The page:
Audio Solutions Question of the Week: Is It Normal To Hear Soft Music Coming Directly From the Surface of a Record, Even if the Record Is Not Playing Through Speakers?

Question: Is it normal to hear soft music coming directly from the surface of a record, even if the record is not playing through speakers?

Answer: Yes, this is normal. It is commonly referred to as “surface noise” or “needle chatter,” though there is no universally accepted term for the phenomenon. “Surface noise” is also used to refer to the pops and clicks that are sometimes heard while playing a record, but that is not what we’re talking about here. For our purposes, “surface noise” means sound of the recording that is heard directly from the surface of the record as the record is being played. Let’s look into why this occurs.

Close-up of stylus tip in record groove

First, remember that the record and turntable concepts go back to the turn of the 20th century. And recall that sound is just a series of vibrations. Old Victrola players, for example, used a needle (aka stylus) that ran through the grooves of a moving record, creating audible sound as the stylus vibrated within the record grooves. Sound recordings were originally made using the same concept. Sounds (vibrations) moved a needle (aka cutting stylus) on a record, causing cuts or grooves in the record surface. When played back, a needle moved through the cut grooves, causing vibrations that resulted in noise approximating the original sound. This is a very simplified explanation of a pretty sophisticated process.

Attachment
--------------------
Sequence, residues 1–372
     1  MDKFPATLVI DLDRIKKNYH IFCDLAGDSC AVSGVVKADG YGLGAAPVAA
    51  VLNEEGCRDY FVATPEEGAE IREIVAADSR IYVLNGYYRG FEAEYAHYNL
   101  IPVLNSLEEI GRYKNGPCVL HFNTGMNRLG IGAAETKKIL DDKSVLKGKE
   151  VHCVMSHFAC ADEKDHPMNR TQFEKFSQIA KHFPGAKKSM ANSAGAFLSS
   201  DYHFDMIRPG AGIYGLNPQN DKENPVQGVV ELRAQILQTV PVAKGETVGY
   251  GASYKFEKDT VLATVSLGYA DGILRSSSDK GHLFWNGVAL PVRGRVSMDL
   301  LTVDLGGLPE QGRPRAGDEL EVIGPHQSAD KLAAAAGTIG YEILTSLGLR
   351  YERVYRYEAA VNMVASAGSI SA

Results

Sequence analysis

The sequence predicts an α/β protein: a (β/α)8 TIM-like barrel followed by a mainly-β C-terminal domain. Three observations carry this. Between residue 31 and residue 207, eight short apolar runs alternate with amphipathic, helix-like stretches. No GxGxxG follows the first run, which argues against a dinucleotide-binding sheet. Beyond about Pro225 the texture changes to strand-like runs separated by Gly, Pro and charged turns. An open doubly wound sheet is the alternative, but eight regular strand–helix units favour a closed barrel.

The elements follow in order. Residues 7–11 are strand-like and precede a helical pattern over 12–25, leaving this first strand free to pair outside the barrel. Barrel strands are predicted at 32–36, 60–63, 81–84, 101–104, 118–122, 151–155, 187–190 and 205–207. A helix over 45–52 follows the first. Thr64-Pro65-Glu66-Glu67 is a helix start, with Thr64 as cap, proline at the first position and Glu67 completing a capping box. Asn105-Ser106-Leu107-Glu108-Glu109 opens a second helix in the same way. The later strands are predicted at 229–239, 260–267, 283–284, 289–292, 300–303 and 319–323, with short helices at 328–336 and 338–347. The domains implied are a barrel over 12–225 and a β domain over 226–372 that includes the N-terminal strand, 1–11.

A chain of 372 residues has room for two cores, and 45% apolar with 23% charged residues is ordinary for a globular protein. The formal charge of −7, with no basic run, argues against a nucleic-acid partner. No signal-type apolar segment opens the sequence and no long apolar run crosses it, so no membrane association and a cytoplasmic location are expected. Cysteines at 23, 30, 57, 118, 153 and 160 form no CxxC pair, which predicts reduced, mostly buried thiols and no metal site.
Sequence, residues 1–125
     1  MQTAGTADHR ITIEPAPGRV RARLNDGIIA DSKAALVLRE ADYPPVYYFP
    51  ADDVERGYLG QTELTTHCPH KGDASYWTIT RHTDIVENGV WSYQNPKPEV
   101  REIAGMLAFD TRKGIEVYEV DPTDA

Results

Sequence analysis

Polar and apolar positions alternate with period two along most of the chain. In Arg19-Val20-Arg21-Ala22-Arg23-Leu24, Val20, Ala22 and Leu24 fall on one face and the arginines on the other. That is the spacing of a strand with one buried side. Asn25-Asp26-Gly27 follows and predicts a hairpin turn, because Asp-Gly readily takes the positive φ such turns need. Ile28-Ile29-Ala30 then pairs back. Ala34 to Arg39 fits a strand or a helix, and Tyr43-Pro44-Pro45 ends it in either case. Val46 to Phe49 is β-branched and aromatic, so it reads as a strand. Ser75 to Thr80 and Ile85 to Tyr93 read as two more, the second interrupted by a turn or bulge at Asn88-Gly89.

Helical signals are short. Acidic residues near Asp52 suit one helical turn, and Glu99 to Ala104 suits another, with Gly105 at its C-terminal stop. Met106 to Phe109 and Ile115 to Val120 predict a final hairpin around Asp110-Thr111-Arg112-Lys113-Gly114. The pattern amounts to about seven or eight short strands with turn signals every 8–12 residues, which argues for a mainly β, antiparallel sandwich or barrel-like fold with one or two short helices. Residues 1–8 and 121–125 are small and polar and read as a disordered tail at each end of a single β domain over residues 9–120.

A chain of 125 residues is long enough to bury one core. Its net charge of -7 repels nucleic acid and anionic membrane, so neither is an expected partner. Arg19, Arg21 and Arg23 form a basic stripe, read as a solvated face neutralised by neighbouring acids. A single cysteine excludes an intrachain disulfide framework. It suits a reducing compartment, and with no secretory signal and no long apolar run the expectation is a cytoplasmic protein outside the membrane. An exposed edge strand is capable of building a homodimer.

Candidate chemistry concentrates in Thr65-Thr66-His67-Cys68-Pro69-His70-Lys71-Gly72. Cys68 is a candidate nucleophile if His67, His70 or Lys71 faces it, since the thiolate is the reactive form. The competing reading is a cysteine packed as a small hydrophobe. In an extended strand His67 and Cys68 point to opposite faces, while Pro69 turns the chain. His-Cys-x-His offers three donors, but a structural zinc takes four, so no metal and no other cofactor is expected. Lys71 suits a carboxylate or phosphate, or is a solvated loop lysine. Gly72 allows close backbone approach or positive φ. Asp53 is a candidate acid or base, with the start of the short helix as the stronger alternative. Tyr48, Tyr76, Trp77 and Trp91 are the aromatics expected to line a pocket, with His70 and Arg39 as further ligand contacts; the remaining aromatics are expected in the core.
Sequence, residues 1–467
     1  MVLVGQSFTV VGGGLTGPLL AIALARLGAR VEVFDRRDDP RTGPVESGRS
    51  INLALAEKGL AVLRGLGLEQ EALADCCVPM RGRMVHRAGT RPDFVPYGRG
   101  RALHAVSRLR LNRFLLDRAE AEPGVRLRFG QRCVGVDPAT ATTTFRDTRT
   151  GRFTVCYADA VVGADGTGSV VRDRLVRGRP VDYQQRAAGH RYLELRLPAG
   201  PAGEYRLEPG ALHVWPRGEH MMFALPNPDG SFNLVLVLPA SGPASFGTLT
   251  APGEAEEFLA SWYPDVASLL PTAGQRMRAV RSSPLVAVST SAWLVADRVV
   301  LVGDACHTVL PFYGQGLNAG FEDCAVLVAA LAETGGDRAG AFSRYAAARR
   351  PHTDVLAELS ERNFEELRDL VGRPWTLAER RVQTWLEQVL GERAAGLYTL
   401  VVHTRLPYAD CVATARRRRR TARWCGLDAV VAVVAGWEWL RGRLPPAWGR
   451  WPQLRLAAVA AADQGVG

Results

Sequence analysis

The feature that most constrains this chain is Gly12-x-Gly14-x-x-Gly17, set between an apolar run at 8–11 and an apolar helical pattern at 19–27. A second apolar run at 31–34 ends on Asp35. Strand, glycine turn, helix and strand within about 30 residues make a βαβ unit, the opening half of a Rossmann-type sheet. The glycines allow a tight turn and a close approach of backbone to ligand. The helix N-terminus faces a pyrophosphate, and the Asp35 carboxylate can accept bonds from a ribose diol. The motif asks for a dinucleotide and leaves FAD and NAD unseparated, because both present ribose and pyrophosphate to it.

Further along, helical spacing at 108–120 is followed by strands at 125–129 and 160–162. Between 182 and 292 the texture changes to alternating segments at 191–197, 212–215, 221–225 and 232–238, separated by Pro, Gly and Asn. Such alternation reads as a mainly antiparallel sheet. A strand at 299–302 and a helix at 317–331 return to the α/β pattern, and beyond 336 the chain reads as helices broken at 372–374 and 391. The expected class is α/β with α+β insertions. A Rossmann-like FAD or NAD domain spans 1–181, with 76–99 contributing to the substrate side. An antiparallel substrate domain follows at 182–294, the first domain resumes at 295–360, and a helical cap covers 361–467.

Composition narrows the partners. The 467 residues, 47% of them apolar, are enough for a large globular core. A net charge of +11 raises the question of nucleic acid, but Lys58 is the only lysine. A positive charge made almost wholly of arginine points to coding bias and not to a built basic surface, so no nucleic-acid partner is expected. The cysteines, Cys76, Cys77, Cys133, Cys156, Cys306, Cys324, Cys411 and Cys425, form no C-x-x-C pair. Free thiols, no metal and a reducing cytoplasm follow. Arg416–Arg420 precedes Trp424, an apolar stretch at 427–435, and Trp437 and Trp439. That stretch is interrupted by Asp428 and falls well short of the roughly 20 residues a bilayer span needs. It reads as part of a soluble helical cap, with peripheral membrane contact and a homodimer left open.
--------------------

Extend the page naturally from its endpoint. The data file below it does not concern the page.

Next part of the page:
The noise that is heard from the surface of a record is the vibration from the stylus riding in the record groove. Originally, this sound was captured by funneling the sound into a hollow tube that contained a flexible diaphragm and that fed into a flared horn. Victrola players allowed sound to be naturally amplified through this diaphragm and horn. We see this same concept used today in modern turntables. Modern turntables take those same vibrations from the stylus, but use them to create an electrical signal. This signal is then amplified and “corrected” according to the RIAA equalization curve before being output from the turntable. Next, the sound is amplified again with a power amplifier and sent out to the speakers. The speakers vibrate in relation to the amplified audio signal. This vibration causes sound, which is picked up by the human ear. But if you listen closely, you can still hear the vibration sounds coming from the record surface itself. As we indicated earlier, this surface noise is perfectly normal.

Hopefully this brief look into turntable development and operation not only helped explain surface noise but also gave you a better appreciation for the technical expertise that goes into creating each Audio-Technica turntable. If you have any further questions, feel free to contact the Audio Solutions Department.

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2 Comments

  1. Can anyone explain or link me to some other articles that explain why some records will have much more of this “soft music” type of surface noise. Appreciate the info form this article.

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